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“The risk of being the lone fool was much greater than being one of many fools.”
Macquarie Uni politics professor Murray Goot reckons one of the reasons the polling companies got it so wrong in 2019 is because they "herded together” behind a Labor victory. Goot thinks that risk is lower now, but he’s still looking at Saturday’s election as a bit of a test…
1. PM Scott Morrison is not contemplating defeat or a hung parliament, he told ABC TV’s 7.30 last night. He says he’s got the message about being a more inclusive leader and has urged inner-city residents thinking of voting independent to put Australia’s economic health first.
2. The Coalition will release its election promise costings covering 35 policies today (PW). Treasurer Josh Frydenberg and Finance Minister Simon Birmingham are upping the pressure on Labor to release its costings, expected later this week.
3. On that, Labor is heading towards larger debt and deficits than the Coalition, but say the extra spending will lift productivity, the Financial Review says (PW). This accords with Labor’s campaign mantra that it’s prioritising the quality of spending over quantity.
4. Morrison has a big problem with women under 30yo, according to the West Australian (PW). Research it has commissioned shows just 14% rated the PM’s performance as satisfactory.
5. Sweden has confirmed overnight that it will abandon its neutrality and join Finland in applying to join NATO. Joining the military alliance responds to Russia invading Ukraine, but it’s not guaranteed with Turkey pushing back.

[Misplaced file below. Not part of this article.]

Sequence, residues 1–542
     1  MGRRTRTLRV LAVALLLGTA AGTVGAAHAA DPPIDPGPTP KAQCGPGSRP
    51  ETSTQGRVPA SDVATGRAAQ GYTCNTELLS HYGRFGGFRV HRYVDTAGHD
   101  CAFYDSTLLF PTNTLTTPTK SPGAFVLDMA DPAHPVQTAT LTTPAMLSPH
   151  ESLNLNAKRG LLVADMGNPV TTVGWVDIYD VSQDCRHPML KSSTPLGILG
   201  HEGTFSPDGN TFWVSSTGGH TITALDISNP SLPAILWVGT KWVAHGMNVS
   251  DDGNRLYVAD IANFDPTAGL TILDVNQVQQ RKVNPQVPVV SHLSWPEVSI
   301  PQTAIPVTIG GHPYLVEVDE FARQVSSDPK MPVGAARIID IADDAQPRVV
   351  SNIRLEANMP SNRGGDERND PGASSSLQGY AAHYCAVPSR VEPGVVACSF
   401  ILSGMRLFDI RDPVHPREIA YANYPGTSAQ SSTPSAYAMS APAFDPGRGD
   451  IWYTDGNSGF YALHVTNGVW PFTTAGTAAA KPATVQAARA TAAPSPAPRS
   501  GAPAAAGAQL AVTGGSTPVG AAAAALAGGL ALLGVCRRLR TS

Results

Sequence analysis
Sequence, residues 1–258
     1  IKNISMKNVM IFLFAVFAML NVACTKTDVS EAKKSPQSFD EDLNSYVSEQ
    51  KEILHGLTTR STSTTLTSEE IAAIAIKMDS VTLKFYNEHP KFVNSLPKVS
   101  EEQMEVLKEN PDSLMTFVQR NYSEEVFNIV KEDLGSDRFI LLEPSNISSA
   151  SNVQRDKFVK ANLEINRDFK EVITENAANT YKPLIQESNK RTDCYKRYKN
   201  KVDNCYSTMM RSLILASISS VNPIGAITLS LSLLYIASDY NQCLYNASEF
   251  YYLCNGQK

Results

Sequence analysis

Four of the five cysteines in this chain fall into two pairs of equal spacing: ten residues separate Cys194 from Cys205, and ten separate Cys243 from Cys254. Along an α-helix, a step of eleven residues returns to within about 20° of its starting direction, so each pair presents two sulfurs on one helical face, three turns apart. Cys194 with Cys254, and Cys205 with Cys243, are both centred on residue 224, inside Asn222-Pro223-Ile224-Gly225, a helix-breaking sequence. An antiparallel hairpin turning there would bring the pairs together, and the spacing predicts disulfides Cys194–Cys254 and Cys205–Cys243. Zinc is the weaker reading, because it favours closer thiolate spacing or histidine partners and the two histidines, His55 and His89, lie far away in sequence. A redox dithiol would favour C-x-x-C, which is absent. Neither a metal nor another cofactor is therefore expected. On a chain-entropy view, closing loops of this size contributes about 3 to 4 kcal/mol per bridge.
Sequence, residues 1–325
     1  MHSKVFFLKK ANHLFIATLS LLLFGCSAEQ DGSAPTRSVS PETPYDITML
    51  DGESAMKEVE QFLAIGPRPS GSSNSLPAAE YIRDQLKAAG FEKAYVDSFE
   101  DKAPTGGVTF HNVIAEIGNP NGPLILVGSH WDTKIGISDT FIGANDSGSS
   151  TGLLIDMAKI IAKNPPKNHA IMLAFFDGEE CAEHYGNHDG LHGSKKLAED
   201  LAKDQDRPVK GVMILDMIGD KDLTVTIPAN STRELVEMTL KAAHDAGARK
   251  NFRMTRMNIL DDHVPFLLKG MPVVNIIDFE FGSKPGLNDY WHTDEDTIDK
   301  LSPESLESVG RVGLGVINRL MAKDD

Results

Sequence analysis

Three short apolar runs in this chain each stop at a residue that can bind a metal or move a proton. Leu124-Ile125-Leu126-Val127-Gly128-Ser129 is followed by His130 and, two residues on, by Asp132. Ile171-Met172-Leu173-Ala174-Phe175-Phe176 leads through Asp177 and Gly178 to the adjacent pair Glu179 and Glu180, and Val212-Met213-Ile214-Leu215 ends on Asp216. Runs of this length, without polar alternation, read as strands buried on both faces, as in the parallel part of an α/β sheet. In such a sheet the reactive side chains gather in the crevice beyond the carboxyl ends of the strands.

Going deeper: The cost of housing bringing home the final week of the campaign
Throughout the campaign, there have been many promises from both parties on housing. Economists haven’t loved most of them… mainly because they reckon they just push up the prices of existing houses without adding to the supply. And yesterday, Superannuation Minister Jane Hume admitted the Coalition’s big pitch to first home buyers will "probably push prices temporarily".
● PM Scott Morrison’s scheme will allow house hunters to withdraw up to 40%/$50,000 (whichever is lower) of their super savings to help purchase a property. Couples can each access the scheme, potentially doubling the amount withdrawn.
● The PM says the impact on prices will be "minimal", and first home buyers should be able to access their super savings because "it’s your money, and it should be your home".
What it means: The policy hasn’t gone down well with some… Independent economist Saul Eslake says “he wanted to scream that this reckless inflation of house prices” must stop. And the Grattan Institute’s Brendan Coates says both parties are only “tinkering around the edges” of housing affordability.
What’s next: While a couple of housing schemes have bi-partisan support, Labor doesn’t back the Coalition’s plan to allow access to super. Labor campaign spokesman Jason Clare has called it “kerosene on a bonfire.”
The foreign policy whirlwind for the next PM
Regardless of who wins on Saturday, the first big plane ride for Scott Morrison or Anthony Albanese post-election will be to the Quad meeting in Tokyo early next week. It’s just the second in-person meeting for the leaders of the US, India, Japan and Australia, and it’s seen as a key forum to balance the aspirations of a rising China in the Indo-Pacific.
● At the last Quad virtual summit, the group stopped short of condemning Russia’s invasion of Ukraine (because of India’s close ties to Russia), instead settling on support for a “free and open Indo-Pacific”.
● The Pacific Islands Forum is also being held in Fiji in June. The Solomons/China security pact is a pretty big deal for the whole region, and climate issues are always high on the agenda.
● Albanese has said that Indonesia would be his first overseas visit if he won, but given the timing of The Quad, he will be there if things go his way.